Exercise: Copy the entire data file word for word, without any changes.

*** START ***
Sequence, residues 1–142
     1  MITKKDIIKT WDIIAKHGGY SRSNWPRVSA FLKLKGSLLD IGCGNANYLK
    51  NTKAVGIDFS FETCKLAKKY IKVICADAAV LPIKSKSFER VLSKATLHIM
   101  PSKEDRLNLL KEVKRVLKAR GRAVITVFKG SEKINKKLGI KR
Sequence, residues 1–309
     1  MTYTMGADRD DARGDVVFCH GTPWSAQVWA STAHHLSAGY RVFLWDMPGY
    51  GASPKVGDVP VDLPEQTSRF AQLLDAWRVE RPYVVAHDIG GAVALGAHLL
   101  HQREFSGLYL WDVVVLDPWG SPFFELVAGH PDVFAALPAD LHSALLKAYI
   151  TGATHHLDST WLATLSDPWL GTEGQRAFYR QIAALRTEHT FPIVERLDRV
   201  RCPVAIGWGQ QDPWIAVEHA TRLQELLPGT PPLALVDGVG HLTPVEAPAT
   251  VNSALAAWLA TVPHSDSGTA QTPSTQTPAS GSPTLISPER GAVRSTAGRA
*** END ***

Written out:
Sequence, residues 1–142
     1  MITKKDIIKT WDIIAKHGGY SRSNWPRVSA FLKLKGSLLD IGCGNANYLK
    51  NTKAVGIDFS FETCKLAKKY IKVICADAAV LPIKSKSFER VLSKATLHIM
   101  PSKEDRLNLL KEVKRVLKAR GRAVITVFKG SEKINKKLGI KR
Sequence, residues 1–309
     1  MTYTMGADRD DARGDVVFCH GTPWSAQVWA STAHHLSAGY RVFLWDMPGY
    51  GASPKVGDVP VDLPEQTSRF AQLLDAWRVE RPYVVAHDIG GAVALGAHLL
   101  HQREFSGLYL WDVVVLDPWG SPFFELVAGH PDVFAALPAD LHSALLKAYI
   151  TGATHHLDST WLATLSDPWL GTEGQRAFYR QIAALRTEHT FPIVERLDRV
   201  RCPVAIGWGQ QDPWIAVEHA TRLQELLPGT PPLALVDGVG HLTPVEAPAT
   251  VNSALAAWLA TVPHSDSGTA QTPSTQTPAS GSPTLISPER GAVRSTAGRA